(March 8, 2019) Patients continue to seek medical treatment for the flu at Atlantic General Hospital in Berlin, as the season coughs, hacks and wheezes its way to its usual conclusion a few weeks from now.
Although the flu season typically lasts from November to March, it can stretch into May, depending on the strain of virus making the rounds.
“It could extend the season, so it’s always a differential that’s on our mind that we’re looking for,” said Madelyn Justice, a physician’s assistant working in Atlantic General Hospital.
“Within the last month, it’s kind of slowed down or steadied out, plateaued-wise,” Justice said. “But we’re seeing more patients that are not vaccinated coming in with more severe cases.
Twenty-nine flu-related deaths were reported in Maryland, with one being a pediatric patient, according to the state’s department of health. Altogether, 1,305 people were hospitalized.
According to the Maryland Department of Health’s weekly influenza report, an influenza-like illness across the state for the week ending on Feb. 23.
Locally, 249 Flu A patients and 17 Flu B sufferers were seen at AGH as of last Thursday afternoon, according to officials. Of those cases, 10 were admitted.
Nicole Morris, RN, manager of infection control and employee health for Atlantic General Hospital and health system, said those admissions were primarily in the last couple weeks.
Last year’s flu season was “one of the longest in recent years,” according to the CDC, and 456 cases Morris said were reported for 2017-18 at AGH, show how bad it was here, as well. But this year appears to be less extreme, she said.
“I think it’ll be less actually,” Morris said. “I really do.” She went onto say this year’s flu season was supposed to be “biphasic,” meaning it was expected to come in two waves. “But we didn’t really get on the first wave,” she said.
Justice agreed and said she believes the rest of the 2018-19 flu season will “still be steady,” as weather, close quarters and kids being in school remain factors.
Morris added sometimes it’s a combination of bad luck and bad timing. “Sometimes it’s unavoidable,” Morris said. “When someone sneezes, say you’re at the Food Lion and someone sneezes, that droplet can go six feet.
When asked how the hospital prepares for flu season, Morris said “we[‘ll] continue to do what we’re doing now.” There are signs around the hospital to remind people to wash their hands, as well as stations with hand sanitizer, masks and tissues.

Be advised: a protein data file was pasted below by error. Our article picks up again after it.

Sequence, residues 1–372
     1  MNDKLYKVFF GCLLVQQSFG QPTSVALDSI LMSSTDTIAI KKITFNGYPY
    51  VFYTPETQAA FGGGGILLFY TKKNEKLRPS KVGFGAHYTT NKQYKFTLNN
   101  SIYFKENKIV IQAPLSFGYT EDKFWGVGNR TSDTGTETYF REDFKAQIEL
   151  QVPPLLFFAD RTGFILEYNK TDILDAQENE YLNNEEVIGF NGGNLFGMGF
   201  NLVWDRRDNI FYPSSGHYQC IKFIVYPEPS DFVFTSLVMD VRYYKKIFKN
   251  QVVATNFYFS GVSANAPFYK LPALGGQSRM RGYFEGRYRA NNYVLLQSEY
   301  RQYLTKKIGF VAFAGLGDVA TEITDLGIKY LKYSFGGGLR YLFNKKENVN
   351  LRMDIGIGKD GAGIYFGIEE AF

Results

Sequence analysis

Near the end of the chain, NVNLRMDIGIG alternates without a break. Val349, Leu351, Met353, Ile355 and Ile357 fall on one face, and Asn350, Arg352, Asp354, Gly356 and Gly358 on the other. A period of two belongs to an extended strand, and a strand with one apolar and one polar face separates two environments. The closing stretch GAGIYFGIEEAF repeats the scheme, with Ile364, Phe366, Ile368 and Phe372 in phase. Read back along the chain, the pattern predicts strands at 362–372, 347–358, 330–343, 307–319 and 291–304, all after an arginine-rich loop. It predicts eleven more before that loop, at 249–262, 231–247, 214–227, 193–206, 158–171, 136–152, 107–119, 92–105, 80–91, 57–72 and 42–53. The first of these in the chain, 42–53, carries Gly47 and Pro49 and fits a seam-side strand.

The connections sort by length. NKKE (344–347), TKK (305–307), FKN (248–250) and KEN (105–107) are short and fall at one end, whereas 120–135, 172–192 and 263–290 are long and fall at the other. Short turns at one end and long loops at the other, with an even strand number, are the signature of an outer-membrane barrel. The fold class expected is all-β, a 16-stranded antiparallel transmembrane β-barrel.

Morris added a suggested flu visitation policy went into effect last week. It encourages children, pregnant women and the elderly not to visit people in the hospital. The policy will stand until administrators feel they see a decrease of flu-related cases.
“We didn’t really start seeing a big influx until this past weekend,” Morris said.
Morris said the hospital has given roughly 3,500 influenza vaccinations to members of the community this year, but stressed the statistics would change as people continue to receive them.
“So the number one way to prevent getting the flu is through vaccination,” Justice said. “We usually see those who do get the vaccine tend to have a less severe reaction, as well as not having as many complications.”
Justice said there’s a big misconception with the vaccine: getting a flu vaccination doesn’t mean getting the flu.
“It is not a live strain in the vaccine so anyone getting flu like symptoms is usually a mounting response to the vaccine, which is a positive reaction, something that we look for,” Justice said. “That you’re creating those antibodies toward the actual virus.”
When a person does get the flu, however, it’s almost immediate.
“With the flu, it’s sudden,” Morris said. “Yeah, you’ll be sitting here feeling fine, and in about an hour your body aches, you can develop the fever and of course the cough that goes along with it.”
When asked about treatment, Morris said it’s about treating the symptoms. She recommended taking Tylenol for a fever and staying hydrated.
“You need to stay away from people, especially compromised people,” Morris said. “Because you know it hits them harder than someone who has a normal generalized healthy immunity.”